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ASSESSMENT AND MANAGEMENT OF THE TRAUMA PATIENT

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Title: ASSESSMENT AND MANAGEMENT OF THE TRAUMA PATIENT


1
ASSESSMENT AND MANAGEMENT OF THE TRAUMA PATIENT
  • Instructor Name
  • Title
  • Unit

2
OVERVIEW
  • SCENE SIZE-UP
  • TRANSPORT DECISION AND CRITICAL INTERVENTIONS
  • DETAILED EXAM
  • ONGOING EXAM

3
SCENE SIZE-UP
  • BSI DECISION
  • SCENE SAFETY
  • TOTAL NUMBER OF PATIENTS
  • ESSENTIAL EQUIPMENT
  • ARE ADDITIONAL RESOURCES NEEDED
  • MECHANISM OF INJURY

4
(No Transcript)
5
Trauma Assessment A hands on approach
6
What is Trauma?
  • A serious injury or shock to the body by violence
    or accident!

7
Trauma Assessment is a Basic life support skill!
8
Touching the patient is a must to find possible
injuries!
9
What are we looking for?
  • Life threats that are going to kill the patient
    right now!
  • Any obvious injuries that the patient has
  • Any underlying injuries the patient may have we
    cant see
  • Changes that may occur during transport

10
How fast do patients die?
11
Now lets take a look at how the assessment
should go!
12
Scene size-up
  • This is the overall picture of the scene to
    ensure the safest environment for yourself, your
    crew, other responding personnel, patient, and
    bystanders in that order.

13
Scene size-up
  • BSI (body substance isolation)
  • Scene safety
  • Number of victims
  • Other help or equipment needed
  • Mechanism of injury

14
Mechanism of Injury
  • Predictable pattern of injuries caused by forces
    applied to the body
  • Helps you key in on possible injuries

15
Initial assessment
  • General impression- your gut feeling on patient
    status and priority of transport
  • LOC- AVPU on patient with simultaneous initiation
    of c-spine immobilization
  • Airway- open/clear if not fix it
  • Breathing- rate/quality
  • interventions to airway- oxygen by NRB or BVM
  • Circulation- compare radial vs. carotid pulses,
    skin color/temp/condition
  • Control any major bleeding!

16
Decisions, decisions, decisions
  • Load and Go or Stay and play
  • Rapid trauma survey
  • Focused trauma survey

17
Rapid Trauma assessment
  • Should take less than two minutes to perform
  • A quick scan of whole body
  • Identifies any life threats
  • Used to mentally note injuries to fix later

18
DCAP-BLS-TIC
  • Deformities
  • Contusions
  • Abrasions
  • Punctures/penetrations
  • Burns
  • Lacerations
  • Swelling
  • Tenderness
  • Instability
  • crepitation

19
HEAD
  • Palpate the head looking for DCAP-BLS-TIC
  • Examine the facial bones
  • Look at ears , nose, and mouth for any fluids
    coming from them
  • Check for Battle signs or raccoon eyes

20
Neck
  • Visualize neck for DCAp-bls-tic
  • Check neck for tracheal deviation
  • Check neck for Jugular vein distention
  • Palpate the back of the neck
  • Consider applying the c-collar

21
Chest
  • Visualize chest for DCAP-bls-tic
  • Listen to breath sounds(this is a bls skill)
  • Palpate the chest
  • IF a open wound or flail chest is found have a
    partner place a gloved hand over area till you
    finish rapid trauma survey

22
Abdomen
  • Visualize the abdomen for dcap-bls-tic
  • Palpate abdomen for rigidity, guarding, or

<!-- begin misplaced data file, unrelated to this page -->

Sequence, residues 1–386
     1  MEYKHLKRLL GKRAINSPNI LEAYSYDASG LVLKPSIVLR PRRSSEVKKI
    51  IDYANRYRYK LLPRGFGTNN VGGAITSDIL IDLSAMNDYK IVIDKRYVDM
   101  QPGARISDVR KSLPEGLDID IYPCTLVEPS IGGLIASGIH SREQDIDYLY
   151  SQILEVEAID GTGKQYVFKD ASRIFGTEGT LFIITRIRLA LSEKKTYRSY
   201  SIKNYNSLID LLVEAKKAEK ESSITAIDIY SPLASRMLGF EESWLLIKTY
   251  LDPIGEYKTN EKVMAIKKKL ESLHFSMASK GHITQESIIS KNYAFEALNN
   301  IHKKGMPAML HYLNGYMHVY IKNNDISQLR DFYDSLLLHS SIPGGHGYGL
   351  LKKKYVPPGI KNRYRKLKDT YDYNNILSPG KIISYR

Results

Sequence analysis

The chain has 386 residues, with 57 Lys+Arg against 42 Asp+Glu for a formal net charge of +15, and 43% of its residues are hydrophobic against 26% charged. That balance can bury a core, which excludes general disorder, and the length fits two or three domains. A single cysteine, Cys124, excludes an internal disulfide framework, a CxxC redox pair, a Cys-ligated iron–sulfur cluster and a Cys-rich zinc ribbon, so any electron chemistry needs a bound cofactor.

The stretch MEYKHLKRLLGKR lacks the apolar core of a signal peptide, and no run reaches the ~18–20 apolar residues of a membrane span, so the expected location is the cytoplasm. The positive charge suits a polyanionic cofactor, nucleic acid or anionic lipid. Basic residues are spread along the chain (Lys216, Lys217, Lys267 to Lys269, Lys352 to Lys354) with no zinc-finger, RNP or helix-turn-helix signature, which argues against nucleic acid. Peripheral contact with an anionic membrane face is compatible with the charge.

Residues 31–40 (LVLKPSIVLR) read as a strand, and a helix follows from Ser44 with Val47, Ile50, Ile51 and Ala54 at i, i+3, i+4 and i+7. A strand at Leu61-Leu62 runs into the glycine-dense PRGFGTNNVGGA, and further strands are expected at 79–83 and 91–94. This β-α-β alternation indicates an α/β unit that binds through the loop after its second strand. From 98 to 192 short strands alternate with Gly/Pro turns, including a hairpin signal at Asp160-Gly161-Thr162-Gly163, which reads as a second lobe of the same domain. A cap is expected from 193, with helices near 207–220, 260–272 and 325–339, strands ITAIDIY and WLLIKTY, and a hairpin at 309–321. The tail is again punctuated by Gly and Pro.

tenderness
  • If patient alert and tells you where pain is feel
    that area last

23
Pelvis
  • Palpate the pelvis for dcap-bls-tic
  • It is a in and down motion
  • Do not rock the pelvis
  • If you find a unstable pelvis do not mess with it
    again

24
Lower extremities
  • Visualize lower extremities for dcap-bls-tic
  • Palpate down one leg at a time
  • Check for pulse, motor, sensory function to both
    feet
  • Check for capillary refill

25
Upper extremities
  • Visualize upper extremities for dcap-bls-tic
  • Palpate both arms
  • Feel for pulse, motor, and sensory
  • Check capillary refill

26
Back
  • Log roll the patient with c-spine stabilization
  • Visualize back for dcap-bls-tic
  • Palpate back from neck to legs

27
Secure patient to board
  • Secure body first
  • Then secure head
  • Reassess PMS after moving patient
  • Securing head first or not securing body could be
    a major problem if patient becomes sick and you
    have to roll patient to maintain airway!

28
Attempt to obtain sample history
  • Signs/symptoms
  • Allergies
  • Medicines including OTC and herbal
  • Pertinent past medical history
  • Last oral intake not just eating
  • Events leading to trauma

29
Now the patient is in the ambulance enroute to
the hospital!
30
Baseline Vitals
  • Pulse
  • Respirations
  • Blood pressure
  • O2 sat
  • Skin color/condition

31
Neurological exam
  • LOC
  • Pupils
  • Motor
  • sensory

32
Detailed exam
  • Do a slower exam of body
  • Touch the whole body looking for injuries
  • Fix problems as you find them
  • Fix problems that you noted in rapid trauma
    assessment
  • Looking for dcap-bls-tic again

33
Maintain body temperature during exam and
transport
34
PERFORM ONGOING ASSESSMENT
  • PERFORM REASSESSMENT OF ABCS
  • REASSESS VITALS EVERY THREE TO FIVE MINUTES
  • REASSESS INTERVENTIONS AND EFFECTIVENESS

35
Give oral report
  • Give short concise report
  • Use the mint pneumonic
  • Mechanism of injury
  • Injuries from head to toe
  • Neurological exam including gcs score
  • Treatments performed and vital signs

36
Transfer patient out of your care!
37
PITFALLS
  • Approaching the patient before performing a Scene
    Size-Up
  • Trying to do too much on-scene
  • Attempting to stabilize the patient in the field

38
SUMMARY
  • Scene Size-Up
  • BTLS Primary Survey
  • Initial Assessment
  • Rapid Trauma Survey or Focused Exam
  • Critical interventions and transport decision
  • Detailed Exam
  • Ongoing Exam

39
We are finished now
  • Question?
  • Comments
  • Snide remarks
  • If not thank you

40
QUESTIONS?
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